Shaped charge penetrators are used in the petroleum industry to perforate cased and cemented wellbores to gain access to the reservoir formation. One of the main factors influencing the performance of cased and perforated completions is the penetration depth of the perforations. Traditionally the penetration depth of shaped charges is tested on cement targets under ambient conditions. In this paper we describe the results of an exhaustive experimental program to evaluate shaped charge penetration in rock under downhole conditions. It was found that penetration depth decreases with increasing rock strength, which confirms results from previously published studies. Some of the examined rocks also show a pronounced dependency of penetration depth on effective stress, although for some rocks this effect appears to be less pronounced than for others. An effective stress law, linking the penetration depth to effective confining stress was developed, which also fits better historical penetration data.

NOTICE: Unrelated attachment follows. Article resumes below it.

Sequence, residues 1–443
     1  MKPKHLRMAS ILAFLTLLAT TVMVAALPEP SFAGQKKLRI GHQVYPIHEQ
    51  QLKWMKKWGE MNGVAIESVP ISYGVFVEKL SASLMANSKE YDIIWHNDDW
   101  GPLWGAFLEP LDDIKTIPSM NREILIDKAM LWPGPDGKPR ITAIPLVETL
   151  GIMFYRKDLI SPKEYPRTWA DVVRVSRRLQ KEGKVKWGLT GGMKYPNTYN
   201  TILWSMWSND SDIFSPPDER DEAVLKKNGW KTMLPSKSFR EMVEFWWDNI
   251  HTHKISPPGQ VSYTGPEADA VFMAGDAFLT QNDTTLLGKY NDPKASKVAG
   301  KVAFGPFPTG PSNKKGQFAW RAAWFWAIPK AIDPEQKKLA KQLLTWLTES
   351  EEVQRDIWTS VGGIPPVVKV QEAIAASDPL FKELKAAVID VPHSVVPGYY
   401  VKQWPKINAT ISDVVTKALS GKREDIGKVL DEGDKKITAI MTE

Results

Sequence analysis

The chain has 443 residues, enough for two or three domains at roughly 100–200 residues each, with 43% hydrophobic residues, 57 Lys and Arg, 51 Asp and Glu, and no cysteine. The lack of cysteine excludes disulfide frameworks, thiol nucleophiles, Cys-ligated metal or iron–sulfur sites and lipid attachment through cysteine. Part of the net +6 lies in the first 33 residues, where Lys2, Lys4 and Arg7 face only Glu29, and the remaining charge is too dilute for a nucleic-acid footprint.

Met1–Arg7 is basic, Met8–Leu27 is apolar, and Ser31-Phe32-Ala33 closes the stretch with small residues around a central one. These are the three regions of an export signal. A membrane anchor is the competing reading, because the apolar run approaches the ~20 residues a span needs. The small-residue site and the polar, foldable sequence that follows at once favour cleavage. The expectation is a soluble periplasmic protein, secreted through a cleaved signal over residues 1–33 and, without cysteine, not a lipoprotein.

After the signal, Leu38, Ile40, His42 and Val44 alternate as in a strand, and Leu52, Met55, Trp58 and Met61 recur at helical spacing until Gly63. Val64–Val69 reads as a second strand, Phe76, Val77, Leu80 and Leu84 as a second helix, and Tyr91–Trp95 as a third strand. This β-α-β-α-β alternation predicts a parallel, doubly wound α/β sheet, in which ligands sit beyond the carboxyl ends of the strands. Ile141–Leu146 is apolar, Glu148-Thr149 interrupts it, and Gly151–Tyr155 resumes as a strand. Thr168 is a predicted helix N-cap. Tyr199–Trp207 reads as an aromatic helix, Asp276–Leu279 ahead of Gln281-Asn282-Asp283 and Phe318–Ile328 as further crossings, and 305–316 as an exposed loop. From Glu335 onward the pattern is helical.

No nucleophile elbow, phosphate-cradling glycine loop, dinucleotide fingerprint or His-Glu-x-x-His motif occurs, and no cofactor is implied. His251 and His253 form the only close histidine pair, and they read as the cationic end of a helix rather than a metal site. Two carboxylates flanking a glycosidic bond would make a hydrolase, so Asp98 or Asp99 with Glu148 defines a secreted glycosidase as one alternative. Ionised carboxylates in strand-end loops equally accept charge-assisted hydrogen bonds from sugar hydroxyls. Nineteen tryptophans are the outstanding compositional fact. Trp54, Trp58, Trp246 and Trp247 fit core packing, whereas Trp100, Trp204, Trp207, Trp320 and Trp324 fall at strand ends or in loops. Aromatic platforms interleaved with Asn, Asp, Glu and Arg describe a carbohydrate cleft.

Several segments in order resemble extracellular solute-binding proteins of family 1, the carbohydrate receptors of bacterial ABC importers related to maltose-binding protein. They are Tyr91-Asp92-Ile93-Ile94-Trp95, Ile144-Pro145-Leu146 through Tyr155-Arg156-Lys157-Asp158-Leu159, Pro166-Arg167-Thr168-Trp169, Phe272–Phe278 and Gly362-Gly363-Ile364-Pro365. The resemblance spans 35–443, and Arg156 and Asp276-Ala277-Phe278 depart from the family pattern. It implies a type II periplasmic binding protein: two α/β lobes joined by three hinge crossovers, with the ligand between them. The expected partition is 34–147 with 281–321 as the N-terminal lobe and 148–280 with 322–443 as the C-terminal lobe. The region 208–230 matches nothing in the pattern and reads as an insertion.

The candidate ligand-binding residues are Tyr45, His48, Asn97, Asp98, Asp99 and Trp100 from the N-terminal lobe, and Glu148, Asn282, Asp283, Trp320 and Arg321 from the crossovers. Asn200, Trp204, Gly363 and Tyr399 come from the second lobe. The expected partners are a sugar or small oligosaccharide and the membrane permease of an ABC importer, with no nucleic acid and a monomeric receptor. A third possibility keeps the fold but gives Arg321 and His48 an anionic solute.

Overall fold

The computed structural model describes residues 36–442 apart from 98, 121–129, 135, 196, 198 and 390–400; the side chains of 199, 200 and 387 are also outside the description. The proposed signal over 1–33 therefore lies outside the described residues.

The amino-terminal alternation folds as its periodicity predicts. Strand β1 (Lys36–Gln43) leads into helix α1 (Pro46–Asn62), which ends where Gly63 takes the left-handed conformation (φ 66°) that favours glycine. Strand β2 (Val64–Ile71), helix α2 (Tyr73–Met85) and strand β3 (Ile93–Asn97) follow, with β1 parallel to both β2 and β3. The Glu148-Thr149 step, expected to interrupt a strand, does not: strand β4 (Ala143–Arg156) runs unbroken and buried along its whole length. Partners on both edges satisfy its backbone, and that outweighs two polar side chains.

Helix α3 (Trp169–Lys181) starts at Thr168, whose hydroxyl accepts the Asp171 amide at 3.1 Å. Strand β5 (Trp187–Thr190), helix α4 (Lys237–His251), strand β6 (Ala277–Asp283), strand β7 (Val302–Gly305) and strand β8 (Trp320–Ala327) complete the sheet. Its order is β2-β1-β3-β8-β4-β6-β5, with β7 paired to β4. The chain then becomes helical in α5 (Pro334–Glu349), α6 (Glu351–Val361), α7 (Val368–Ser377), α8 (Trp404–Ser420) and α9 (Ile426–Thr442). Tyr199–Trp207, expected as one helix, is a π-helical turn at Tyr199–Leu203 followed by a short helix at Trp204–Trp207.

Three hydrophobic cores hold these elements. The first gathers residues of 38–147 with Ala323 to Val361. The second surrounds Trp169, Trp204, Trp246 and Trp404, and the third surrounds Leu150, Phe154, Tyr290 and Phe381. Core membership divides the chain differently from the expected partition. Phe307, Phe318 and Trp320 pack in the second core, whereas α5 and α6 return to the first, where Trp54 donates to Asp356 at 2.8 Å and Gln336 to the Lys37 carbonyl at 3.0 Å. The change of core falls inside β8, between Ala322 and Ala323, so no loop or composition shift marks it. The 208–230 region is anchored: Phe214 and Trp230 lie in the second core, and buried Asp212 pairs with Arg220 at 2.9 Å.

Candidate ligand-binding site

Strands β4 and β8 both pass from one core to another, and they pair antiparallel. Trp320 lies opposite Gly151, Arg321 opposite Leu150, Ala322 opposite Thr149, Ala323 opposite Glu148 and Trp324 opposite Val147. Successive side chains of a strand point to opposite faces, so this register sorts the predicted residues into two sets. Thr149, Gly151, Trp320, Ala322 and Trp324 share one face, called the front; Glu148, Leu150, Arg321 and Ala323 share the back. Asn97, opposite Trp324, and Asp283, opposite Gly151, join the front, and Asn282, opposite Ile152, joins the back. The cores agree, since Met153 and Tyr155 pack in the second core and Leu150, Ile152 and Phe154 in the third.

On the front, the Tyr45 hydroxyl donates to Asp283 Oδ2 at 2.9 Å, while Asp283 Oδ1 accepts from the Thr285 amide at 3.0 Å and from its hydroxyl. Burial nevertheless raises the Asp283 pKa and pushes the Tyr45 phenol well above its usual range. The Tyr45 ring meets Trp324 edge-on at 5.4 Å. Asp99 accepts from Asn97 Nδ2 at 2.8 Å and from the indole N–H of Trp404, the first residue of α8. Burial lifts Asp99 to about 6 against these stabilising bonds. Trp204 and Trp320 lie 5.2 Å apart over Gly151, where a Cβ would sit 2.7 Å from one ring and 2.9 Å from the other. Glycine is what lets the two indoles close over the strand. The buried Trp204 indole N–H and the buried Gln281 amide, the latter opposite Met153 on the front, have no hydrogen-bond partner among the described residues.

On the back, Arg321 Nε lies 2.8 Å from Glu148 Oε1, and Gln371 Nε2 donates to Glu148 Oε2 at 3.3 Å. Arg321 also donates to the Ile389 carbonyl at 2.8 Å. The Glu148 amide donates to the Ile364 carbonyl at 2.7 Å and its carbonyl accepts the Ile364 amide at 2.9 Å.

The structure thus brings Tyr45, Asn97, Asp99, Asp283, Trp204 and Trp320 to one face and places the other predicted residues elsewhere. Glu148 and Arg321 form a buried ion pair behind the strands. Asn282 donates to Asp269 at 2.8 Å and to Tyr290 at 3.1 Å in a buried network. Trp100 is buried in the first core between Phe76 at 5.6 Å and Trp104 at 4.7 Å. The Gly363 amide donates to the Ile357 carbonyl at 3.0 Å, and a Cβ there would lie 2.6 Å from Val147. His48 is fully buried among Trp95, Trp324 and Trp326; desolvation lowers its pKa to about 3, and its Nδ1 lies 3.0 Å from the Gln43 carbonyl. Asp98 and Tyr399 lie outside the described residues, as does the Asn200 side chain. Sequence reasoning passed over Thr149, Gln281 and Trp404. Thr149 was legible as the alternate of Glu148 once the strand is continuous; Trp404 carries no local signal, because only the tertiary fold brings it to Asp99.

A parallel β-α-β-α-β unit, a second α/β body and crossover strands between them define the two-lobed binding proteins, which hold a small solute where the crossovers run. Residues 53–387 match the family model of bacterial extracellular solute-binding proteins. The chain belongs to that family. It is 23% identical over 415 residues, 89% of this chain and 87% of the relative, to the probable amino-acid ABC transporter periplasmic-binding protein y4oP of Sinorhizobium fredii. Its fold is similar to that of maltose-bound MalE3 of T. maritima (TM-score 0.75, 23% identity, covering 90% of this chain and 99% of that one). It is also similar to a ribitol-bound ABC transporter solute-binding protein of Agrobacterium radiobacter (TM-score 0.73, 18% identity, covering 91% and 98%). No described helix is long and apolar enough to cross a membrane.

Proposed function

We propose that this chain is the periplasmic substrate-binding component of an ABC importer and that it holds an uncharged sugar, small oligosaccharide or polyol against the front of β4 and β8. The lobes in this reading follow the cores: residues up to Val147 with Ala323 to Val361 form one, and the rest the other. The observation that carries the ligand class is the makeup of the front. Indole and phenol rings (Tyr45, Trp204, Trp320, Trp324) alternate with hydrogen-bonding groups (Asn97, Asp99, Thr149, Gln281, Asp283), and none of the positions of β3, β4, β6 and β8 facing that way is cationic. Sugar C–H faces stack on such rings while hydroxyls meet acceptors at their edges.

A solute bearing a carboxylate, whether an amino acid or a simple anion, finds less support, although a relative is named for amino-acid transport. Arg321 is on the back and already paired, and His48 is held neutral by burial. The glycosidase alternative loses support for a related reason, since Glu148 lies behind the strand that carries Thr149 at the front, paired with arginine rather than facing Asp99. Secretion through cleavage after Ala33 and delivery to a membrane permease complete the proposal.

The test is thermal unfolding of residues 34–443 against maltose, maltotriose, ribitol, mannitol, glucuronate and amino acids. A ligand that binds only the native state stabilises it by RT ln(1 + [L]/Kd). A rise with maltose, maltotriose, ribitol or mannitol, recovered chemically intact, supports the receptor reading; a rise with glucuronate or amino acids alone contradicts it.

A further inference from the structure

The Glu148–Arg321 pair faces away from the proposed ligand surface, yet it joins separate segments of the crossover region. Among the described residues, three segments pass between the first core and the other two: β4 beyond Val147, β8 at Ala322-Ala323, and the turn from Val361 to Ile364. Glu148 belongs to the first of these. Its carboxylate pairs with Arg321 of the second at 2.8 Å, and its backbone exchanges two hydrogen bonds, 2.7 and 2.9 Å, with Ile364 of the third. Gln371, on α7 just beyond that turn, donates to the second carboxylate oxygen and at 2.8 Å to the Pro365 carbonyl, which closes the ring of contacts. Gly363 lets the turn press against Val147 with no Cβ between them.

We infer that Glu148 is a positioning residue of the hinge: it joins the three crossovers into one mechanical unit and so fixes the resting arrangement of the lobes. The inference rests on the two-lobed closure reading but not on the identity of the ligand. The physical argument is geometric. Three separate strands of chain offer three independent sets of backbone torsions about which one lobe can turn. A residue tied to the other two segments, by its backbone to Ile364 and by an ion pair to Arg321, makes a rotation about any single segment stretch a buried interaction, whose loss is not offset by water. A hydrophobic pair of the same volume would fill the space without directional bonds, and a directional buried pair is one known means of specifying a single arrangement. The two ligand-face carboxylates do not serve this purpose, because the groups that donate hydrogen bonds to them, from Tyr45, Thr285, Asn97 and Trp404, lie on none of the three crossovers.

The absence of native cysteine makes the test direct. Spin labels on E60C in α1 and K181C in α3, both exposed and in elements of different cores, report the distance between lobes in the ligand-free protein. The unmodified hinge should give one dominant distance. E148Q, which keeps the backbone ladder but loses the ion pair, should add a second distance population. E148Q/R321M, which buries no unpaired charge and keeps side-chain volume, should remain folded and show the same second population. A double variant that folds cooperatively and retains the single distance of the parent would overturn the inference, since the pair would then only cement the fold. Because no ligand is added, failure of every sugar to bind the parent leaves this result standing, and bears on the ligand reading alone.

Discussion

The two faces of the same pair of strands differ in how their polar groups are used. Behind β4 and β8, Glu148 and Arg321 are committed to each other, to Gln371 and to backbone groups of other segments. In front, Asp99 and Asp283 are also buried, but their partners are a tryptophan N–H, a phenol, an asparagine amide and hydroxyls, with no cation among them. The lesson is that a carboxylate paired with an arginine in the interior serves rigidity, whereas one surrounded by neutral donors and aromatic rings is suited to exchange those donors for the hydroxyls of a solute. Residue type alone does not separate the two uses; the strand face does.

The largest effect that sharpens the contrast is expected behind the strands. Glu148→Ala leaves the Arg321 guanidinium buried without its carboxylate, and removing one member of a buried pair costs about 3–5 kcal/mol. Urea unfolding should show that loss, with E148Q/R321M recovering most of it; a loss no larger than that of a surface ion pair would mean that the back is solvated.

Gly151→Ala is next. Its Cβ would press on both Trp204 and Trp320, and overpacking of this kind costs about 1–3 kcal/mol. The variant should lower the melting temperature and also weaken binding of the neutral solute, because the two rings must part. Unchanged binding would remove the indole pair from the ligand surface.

Shaped charge penetration is one of the factors determining the productivity of perforated wellbore completions. Other perforating factors include shot density, phasing, and the cleanliness of the perforation tunnel. Additionally, productivity is heavily influenced by the severity of drilling induced damage. One of the main ways that penetration depth can improve the productivity of a perforated completion is by shooting past the drilling induced damage. Thus, it has been an ongoing effort in the petroleum industry to optimize shaped charges for maximum penetration. Historically, penetration depth has been determined using concrete targets shot under ambient conditions, which can largely overpredict downhole performance. This paper focuses on the determination of the target properties that influence the performance of a shaped charge under downhole conditions. These properties can be summarized by using the term “target strength,” which is a combination of the rock strength and the in situ stresses.